This is where we get to the topic of clues. Clues propel our investigations forward. Without clues, your PC’s are just bumbling around hoping that they find something. I agree with the philosophy behind GUMSHOE based games; the important clues should be given but the clues that speed up the investigative process should have to be earned via rolls or spends, depending on what you’re playing. Essentially, your important clues should be placed in appropriate places and should be easy to find. If your important clues are exclusively obtainable by a skill roll, there’s a problem. With the possibility of failure, you risk having your investigative story running in circles trying to find that one clue or simply players sitting there in a stalemate with the plot. This is where most people get annoyed and lose interest in the scenario. A well placed clue that is vague enough to keep the players guessing but clear enough to point in a direction keeps them engaged and chasing the end game.

What can also make for a really fun game is leading your players into a trap because the BBEG knows they’re being watched. It’s a different take on the BBEG slipping up in the presence of the players that can feel a little more rewarding. Dropping little hints amidst it all telling them that they’re in trouble can be distracting from the important clues and can do a really fantastic job at making the players paranoid. Even if you’re not running a murder investigation, usually it comes to a head with a violent confrontation. It’s sort of the bread and butter of most role playing and the reason why that particular reveal can work so well.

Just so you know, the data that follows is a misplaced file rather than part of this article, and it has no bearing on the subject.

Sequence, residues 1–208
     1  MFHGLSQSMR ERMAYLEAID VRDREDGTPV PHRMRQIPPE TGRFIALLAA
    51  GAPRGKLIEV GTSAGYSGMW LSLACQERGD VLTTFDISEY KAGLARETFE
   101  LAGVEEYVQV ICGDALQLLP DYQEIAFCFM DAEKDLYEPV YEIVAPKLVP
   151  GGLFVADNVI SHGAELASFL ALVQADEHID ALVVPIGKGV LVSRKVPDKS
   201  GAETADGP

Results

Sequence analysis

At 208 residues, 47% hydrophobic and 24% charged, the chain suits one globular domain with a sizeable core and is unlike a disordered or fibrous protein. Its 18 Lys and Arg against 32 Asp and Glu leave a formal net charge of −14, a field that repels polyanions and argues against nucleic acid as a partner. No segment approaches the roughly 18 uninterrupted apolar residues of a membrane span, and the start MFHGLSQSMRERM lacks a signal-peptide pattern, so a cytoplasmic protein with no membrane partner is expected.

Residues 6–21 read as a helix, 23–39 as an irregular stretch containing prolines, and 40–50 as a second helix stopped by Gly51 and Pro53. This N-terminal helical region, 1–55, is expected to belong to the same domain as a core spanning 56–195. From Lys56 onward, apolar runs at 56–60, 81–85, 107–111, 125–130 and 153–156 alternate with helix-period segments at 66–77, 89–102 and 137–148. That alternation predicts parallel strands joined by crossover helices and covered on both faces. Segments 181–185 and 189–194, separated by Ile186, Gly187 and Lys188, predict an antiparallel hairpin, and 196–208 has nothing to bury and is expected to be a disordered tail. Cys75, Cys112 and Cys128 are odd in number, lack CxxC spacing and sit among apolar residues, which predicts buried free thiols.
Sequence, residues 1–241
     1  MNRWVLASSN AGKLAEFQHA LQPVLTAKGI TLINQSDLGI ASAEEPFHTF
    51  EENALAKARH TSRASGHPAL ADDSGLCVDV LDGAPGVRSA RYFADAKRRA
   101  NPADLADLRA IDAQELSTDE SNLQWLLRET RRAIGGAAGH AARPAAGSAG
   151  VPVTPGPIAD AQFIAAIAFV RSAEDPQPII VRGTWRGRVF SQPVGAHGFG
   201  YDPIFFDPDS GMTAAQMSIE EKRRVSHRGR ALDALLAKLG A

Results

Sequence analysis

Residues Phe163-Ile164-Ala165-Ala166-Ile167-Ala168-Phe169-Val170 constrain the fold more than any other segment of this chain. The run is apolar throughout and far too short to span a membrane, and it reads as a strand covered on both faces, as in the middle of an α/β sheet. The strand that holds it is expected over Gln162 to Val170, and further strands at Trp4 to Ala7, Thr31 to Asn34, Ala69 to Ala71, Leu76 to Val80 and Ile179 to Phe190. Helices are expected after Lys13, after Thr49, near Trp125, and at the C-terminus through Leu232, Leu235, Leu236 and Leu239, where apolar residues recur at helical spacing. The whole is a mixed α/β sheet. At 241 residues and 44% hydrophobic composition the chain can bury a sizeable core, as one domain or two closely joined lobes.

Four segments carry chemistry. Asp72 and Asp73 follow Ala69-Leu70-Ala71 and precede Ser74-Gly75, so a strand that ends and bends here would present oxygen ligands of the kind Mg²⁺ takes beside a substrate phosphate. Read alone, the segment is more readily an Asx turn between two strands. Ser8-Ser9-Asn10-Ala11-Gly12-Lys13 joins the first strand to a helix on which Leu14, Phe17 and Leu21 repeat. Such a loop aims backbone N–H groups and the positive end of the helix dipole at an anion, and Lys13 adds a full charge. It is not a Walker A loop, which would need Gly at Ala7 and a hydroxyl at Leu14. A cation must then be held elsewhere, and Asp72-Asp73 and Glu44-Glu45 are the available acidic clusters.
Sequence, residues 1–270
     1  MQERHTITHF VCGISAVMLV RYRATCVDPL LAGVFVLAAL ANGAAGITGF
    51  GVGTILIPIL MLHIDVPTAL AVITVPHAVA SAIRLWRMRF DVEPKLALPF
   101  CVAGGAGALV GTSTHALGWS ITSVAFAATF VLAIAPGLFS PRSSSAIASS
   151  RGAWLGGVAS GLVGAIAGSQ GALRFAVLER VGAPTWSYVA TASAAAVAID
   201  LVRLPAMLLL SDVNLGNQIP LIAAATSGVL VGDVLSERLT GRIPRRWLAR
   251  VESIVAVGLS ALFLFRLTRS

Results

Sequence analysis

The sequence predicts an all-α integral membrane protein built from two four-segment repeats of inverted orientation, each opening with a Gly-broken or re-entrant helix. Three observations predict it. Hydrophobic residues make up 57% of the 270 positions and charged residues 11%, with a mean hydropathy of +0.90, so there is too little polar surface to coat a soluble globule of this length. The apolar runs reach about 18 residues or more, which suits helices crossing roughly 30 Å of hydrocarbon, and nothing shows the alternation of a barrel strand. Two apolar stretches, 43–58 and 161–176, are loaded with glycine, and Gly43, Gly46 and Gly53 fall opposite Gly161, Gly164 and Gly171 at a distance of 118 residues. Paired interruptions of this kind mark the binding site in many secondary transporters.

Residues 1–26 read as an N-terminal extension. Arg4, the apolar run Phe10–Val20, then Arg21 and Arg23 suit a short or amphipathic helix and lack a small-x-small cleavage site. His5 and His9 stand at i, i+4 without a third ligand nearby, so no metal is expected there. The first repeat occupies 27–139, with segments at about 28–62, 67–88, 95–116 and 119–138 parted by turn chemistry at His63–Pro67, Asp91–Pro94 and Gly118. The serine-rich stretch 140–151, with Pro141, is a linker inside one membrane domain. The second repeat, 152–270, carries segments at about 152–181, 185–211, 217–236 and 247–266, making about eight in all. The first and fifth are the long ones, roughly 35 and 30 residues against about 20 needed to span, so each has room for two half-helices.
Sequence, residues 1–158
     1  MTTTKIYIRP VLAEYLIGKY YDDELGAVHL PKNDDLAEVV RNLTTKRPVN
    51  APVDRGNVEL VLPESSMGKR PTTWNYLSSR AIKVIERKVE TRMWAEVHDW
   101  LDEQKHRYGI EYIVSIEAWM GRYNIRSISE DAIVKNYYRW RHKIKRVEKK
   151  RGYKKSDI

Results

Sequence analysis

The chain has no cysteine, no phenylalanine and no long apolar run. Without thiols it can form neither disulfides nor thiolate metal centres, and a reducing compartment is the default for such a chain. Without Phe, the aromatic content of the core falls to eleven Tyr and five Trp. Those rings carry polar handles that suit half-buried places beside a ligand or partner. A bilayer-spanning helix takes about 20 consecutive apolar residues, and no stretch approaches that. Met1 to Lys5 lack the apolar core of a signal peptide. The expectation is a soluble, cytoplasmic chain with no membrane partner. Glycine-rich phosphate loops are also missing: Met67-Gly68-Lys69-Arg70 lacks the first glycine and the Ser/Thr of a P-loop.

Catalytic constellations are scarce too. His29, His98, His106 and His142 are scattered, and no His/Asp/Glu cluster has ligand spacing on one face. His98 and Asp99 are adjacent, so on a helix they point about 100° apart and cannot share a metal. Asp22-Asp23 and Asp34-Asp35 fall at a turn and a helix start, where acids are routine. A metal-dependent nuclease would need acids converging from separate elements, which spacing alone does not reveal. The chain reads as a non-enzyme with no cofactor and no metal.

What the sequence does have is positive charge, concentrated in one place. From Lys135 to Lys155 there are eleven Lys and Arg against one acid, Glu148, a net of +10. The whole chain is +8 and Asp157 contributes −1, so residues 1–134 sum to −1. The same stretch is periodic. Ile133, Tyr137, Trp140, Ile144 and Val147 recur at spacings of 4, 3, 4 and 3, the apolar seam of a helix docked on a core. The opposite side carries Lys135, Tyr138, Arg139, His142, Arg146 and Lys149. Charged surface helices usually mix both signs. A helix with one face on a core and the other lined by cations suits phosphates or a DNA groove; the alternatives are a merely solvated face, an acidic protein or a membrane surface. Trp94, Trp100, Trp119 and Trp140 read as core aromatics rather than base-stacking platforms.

Sometimes overlooked, the environment in which you place clues can be immensely important. If the players are paying attention, the clues themselves might be ambiguous but the places you find them could be the bigger clue, leaving behind a crumb trail leading to your criminal. Juxtaposition is a useful tool that can be used to great effect while still getting your point across.



For the tl;dr folks:

  1. Have the crime laid out from beginning before you decide on your clues
  2. Red herrings are useful if done right; it’s okay to be tropey but don’t let the drop be spotted a mile away
  3. The most important clues should not have to be found by a roll, the more helpful clues should be rolled for.
  4. The reveal needs to be shocking but earned; don’t hand them the end.
  5. Be aware of where you place your clues and climax, foreshadowing and symbolism make these things fun

Modeling your investigative scenarios after known works can be really helpful. Look at film, books and TV with an analytical eye and you’ll be able to craft some really magnificent stuff while being sneaky!

Thanks for reading folks! And as always…

Stay Metal \m/

2 Comments on “Investigative Role Playing

Leave a Reply

Fill in your details below or click an icon to log in: Logo

You are commenting using your account. Log Out /  Change )

Google+ photo

You are commenting using your Google+ account. Log Out /  Change )

Twitter picture

You are commenting using your Twitter account. Log Out /  Change )

Facebook photo

You are commenting using your Facebook account. Log Out /  Change )

Connecting to %s

%d bloggers like this: